Non-adherence to Reporting Changes Could Lead to Pharmacy Suspension or De-participation
Caremark has recently sent out an Amendment to the 2016 Caremark Provider Manual to those pharmacies that participate in its pharmacy networks concerning the “Reporting of Investigations and Disciplinary Actions.”
This provision requires a pharmacy to report to Caremark in writing the occurrence of certain events within 10 business days of the event, such as:
- When the pharmacy’s license is in jeopardy of being suspended or revoked;
- When disciplinary action is taken against the pharmacy or its personnel by a regulatory agency or body such as a State Board of Pharmacy or the Drug Enforcement Administration; or
- When a law enforcement agency seizes items from the pharmacy such as prescription records, computer systems, and financial records.
Not only does a pharmacy need to send written notification of an event to Caremark within 10 business days of the occurrence, it also needs to send information about the agency/entity conducting the investigation or imposing the discipline. Failure to do this, as Caremark is quick to point out, can be used as a basis to suspend a pharmacy’s participation in their pharmacy networks; suspend or otherwise withhold reimbursements to the pharmacy; or, in a worst case scenario, to terminate or otherwise de-participate the pharmacy from the network. Therefore, pharmacies are well advised to pay close attention to and ensure compliance with this provision because it can have a drastic impact on your pharmacy’s participation in the Caremark pharmacy networks and the ultimate financial viability of the pharmacy.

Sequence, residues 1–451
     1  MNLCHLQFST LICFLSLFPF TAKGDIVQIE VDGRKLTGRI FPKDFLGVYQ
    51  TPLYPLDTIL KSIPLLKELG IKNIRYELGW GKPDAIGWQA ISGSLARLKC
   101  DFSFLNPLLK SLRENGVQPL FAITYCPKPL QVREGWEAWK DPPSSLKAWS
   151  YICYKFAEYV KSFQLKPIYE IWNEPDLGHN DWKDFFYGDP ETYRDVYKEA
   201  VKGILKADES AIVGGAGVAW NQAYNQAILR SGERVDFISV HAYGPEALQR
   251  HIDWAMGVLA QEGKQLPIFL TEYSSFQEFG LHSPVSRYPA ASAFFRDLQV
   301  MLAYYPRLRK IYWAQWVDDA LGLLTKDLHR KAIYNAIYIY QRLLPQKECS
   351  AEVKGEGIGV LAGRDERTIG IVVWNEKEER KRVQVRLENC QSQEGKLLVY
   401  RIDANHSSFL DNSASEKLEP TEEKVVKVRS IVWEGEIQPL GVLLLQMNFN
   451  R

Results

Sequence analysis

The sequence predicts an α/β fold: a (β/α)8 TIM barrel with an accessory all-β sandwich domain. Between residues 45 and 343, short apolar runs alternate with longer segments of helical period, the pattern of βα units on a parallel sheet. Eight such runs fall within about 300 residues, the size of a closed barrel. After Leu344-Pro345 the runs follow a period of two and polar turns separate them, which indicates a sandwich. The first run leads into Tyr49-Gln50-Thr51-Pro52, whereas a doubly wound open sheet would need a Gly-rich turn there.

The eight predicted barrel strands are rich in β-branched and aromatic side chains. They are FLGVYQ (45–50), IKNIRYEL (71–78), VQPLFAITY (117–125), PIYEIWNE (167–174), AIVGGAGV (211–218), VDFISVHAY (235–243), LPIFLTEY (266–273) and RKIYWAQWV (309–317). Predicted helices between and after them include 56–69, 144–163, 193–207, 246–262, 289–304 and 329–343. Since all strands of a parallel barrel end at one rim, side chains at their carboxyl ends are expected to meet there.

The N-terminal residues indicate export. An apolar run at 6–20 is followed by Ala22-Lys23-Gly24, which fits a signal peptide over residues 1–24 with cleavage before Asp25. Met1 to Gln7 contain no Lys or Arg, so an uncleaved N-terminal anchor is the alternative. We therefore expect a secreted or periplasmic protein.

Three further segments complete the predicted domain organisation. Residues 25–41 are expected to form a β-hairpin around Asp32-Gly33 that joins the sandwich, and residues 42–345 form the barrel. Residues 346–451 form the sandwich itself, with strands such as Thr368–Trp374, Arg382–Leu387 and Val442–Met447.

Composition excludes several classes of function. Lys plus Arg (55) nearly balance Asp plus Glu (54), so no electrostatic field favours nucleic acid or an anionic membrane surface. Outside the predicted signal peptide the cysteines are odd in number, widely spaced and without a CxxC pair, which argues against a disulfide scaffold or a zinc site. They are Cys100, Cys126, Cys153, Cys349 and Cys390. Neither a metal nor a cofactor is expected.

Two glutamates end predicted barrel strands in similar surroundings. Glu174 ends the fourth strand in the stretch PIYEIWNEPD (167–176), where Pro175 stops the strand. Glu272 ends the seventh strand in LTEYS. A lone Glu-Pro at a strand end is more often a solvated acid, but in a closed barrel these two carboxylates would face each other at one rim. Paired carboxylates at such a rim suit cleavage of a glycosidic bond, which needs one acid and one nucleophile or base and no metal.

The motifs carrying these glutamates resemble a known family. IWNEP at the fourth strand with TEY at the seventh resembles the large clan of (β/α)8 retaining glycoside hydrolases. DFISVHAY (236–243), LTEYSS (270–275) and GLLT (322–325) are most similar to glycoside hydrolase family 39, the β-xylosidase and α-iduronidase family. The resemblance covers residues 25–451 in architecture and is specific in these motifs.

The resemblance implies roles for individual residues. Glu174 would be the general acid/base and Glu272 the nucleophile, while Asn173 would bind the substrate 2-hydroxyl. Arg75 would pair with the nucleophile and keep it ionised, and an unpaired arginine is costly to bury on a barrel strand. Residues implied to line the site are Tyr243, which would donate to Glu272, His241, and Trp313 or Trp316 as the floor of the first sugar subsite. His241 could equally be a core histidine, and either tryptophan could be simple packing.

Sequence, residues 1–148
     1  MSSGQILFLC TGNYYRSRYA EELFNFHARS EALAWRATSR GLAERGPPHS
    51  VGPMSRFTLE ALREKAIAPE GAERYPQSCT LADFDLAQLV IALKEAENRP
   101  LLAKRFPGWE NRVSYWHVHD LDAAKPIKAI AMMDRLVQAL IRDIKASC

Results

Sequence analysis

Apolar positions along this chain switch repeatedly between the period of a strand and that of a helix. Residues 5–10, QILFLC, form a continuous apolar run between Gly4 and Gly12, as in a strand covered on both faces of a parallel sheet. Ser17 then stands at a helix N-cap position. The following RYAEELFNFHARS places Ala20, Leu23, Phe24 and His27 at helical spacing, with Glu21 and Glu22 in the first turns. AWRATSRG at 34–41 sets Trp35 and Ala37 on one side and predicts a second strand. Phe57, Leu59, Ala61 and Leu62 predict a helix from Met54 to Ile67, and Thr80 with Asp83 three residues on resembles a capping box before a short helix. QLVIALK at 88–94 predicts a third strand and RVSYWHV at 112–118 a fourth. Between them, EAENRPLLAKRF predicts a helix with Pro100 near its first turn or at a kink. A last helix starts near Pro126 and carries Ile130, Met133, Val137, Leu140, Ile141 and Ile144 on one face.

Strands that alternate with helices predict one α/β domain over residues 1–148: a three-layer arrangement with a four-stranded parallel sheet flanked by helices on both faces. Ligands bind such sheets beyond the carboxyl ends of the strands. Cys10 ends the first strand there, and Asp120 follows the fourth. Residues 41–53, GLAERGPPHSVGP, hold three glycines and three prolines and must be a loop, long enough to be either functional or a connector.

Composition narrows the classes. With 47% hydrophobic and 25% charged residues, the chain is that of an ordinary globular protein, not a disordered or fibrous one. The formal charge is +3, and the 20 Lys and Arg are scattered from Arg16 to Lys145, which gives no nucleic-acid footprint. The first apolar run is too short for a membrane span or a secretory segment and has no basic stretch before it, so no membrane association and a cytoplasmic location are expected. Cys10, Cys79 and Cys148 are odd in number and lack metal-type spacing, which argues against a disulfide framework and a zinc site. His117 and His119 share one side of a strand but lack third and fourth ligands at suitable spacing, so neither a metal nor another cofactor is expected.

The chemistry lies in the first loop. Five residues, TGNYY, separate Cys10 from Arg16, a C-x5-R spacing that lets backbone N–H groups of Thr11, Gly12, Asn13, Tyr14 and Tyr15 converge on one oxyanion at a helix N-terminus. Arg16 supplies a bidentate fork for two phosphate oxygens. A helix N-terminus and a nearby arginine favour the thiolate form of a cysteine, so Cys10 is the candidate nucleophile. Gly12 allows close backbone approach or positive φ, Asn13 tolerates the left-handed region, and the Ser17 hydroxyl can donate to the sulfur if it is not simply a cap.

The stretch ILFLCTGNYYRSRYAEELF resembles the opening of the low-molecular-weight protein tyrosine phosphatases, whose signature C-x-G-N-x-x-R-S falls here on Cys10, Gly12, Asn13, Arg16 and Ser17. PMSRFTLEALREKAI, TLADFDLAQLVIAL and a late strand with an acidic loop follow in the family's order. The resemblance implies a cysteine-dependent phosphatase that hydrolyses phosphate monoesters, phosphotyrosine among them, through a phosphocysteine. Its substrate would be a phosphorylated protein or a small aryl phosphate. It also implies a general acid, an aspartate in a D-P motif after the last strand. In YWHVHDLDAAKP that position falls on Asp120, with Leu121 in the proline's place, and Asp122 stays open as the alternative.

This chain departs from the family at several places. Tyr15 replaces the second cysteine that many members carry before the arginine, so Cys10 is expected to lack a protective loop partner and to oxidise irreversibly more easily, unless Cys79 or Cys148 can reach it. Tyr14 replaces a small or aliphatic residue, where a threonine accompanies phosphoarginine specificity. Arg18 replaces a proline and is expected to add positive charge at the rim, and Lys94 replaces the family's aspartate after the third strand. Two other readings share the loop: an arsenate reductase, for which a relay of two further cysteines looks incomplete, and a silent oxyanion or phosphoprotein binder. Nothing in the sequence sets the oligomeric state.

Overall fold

While the requirement to report disciplinary actions is not new (it has been in place since at least 2011), it does serve as a reminder that even the receipt of an administrative complaint issued by the Michigan Board of Pharmacy (or other State Board of Pharmacy) or other regulatory agency might trigger this reporting requirement and potentially impact your participation in the Caremark pharmacy networks. Pharmacies should apply similar vigilance with other third-party providers who may require similar reporting.